As a former engineer Labour MP Chi Onwurah knows the challenges that exist for women in engineering and how successive governments have failed to get more women into the sector.
In 1984 I began my degree in Electrical Engineering at Imperial College. Only 12% of my class mates were girls but, I was assured, many worthy groups were working hard to change all that and just as in medicine and law, the proportion of women in Engineering would soon rise.
Twenty-seven years later, women make up 43% of GPs, 41% of solicitors and even 22% of MPs. But as the IET's most recent skills report showed, only 6% of professional engineers. In a quarter of a century the percentage of engineering students who are female has not improved one iota. Having spent 23 years as a professional engineer, the Palace of Westminster is the most gender diverse environment I have experienced since I left school This represents a huge loss. A loss to the country in a talent pool half the size it could be, a loss to women in not having entry to these rewarding careers, and a loss to society of the types of engineering that might come from non-male minds.
To drive forward our economy sustainably, engineering needs to be a full part of our society and culture. Given the economic, climatic and social challenges we face as a nation we cannot allow engineering to remain an exclusively male occupation.
I am not underestimating the cultural and social change required. We suffer from a series of vicious circles where the lack of positive images of female engineers reduces the likelihood of us having female engineers to generate positive images. I acknowledge there is an element of chicken and egg, but all too often we blame the egg. We need to break the circles and we need to do it now.
Government, the professional institutions and the media all have a role to play. Politicians need to emphasise the importance of engineering. The £1 million Queen Elizabeth Prize for Engineering, launched by all three party leaders last year, was a positive step, but cutting all funding to the UKRC, the one body charged with increasing the proportion of women in STEM, sent the opposite message as did abandoning Labour’s long term investment framework for STEM.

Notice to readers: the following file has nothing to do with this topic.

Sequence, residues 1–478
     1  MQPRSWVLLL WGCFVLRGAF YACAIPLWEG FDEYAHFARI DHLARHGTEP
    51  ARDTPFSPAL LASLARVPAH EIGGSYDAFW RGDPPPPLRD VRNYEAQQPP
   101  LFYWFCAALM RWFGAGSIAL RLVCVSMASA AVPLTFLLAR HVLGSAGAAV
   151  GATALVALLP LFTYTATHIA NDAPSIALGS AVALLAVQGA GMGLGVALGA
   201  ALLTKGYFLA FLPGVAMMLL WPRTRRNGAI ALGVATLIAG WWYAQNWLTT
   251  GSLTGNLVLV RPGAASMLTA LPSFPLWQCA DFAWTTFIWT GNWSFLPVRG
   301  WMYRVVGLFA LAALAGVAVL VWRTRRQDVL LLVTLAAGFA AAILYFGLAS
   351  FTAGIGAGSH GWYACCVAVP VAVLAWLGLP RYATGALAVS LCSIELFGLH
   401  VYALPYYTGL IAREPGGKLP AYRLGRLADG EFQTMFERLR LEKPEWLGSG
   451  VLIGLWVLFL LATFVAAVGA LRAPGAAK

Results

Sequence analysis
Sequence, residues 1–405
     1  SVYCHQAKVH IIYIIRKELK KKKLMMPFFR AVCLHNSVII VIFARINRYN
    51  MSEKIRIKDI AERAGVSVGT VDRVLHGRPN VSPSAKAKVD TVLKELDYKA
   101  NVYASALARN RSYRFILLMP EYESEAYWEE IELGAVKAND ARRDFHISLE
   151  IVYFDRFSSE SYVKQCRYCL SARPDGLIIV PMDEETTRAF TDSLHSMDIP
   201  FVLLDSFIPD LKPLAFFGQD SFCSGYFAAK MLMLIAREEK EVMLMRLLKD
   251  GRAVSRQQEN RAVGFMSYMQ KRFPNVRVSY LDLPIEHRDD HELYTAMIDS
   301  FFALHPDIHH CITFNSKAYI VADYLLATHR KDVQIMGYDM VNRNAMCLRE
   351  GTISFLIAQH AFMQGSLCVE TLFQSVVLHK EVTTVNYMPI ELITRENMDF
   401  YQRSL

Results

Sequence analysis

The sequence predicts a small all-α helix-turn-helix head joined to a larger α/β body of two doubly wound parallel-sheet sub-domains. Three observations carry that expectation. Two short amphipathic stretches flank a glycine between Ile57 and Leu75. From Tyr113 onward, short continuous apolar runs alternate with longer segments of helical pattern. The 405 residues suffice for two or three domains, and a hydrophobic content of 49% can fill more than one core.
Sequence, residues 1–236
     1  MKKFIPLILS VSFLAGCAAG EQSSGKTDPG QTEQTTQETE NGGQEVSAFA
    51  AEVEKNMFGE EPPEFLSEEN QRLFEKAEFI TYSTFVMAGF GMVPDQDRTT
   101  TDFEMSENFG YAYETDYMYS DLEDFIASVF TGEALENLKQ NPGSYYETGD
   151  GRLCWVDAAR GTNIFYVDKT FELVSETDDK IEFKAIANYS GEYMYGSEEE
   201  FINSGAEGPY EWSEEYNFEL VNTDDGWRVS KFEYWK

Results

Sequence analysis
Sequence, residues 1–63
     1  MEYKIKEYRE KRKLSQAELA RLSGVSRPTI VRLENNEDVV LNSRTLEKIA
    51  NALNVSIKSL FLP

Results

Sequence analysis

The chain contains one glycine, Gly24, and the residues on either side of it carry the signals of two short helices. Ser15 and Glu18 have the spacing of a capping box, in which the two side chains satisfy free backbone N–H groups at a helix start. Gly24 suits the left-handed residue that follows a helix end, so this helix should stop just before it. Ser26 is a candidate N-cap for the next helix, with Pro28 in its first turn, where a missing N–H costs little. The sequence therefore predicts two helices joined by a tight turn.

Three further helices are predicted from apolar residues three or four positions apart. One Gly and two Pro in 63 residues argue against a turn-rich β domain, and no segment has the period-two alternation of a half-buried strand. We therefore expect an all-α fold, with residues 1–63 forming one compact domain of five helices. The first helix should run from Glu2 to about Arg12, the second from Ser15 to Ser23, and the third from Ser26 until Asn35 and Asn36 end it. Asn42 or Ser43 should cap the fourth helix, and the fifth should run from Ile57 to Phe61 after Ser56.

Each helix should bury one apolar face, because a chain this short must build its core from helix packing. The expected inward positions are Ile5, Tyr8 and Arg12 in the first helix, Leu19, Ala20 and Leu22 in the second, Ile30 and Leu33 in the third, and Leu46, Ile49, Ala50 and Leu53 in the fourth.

Politicians and engineers must join forces to identify timelines for change. When, for example, can we expect the proportion of women fellows of the Royal Academy of Engineering to rise above the current desultory 5%? For how much longer must public funds go to engineering projects which are exclusively male? How can we distinguish between those companies who are really engaging with women and girls and those who think it’s not their fault if there are no women engineers out there? And we should challenge the BBC and other media outlets for the poverty of their engineering coverage – a prize for the best portrayal on TV might be a good start.
Because the rest of the world is changing. The UK already has the lowest proportion of women engineers in the EU. In Africa, China and India parents now want their sons and daughters to grow up to be engineers. We need to cultivate both male and female engineering talent if we are to compete with them.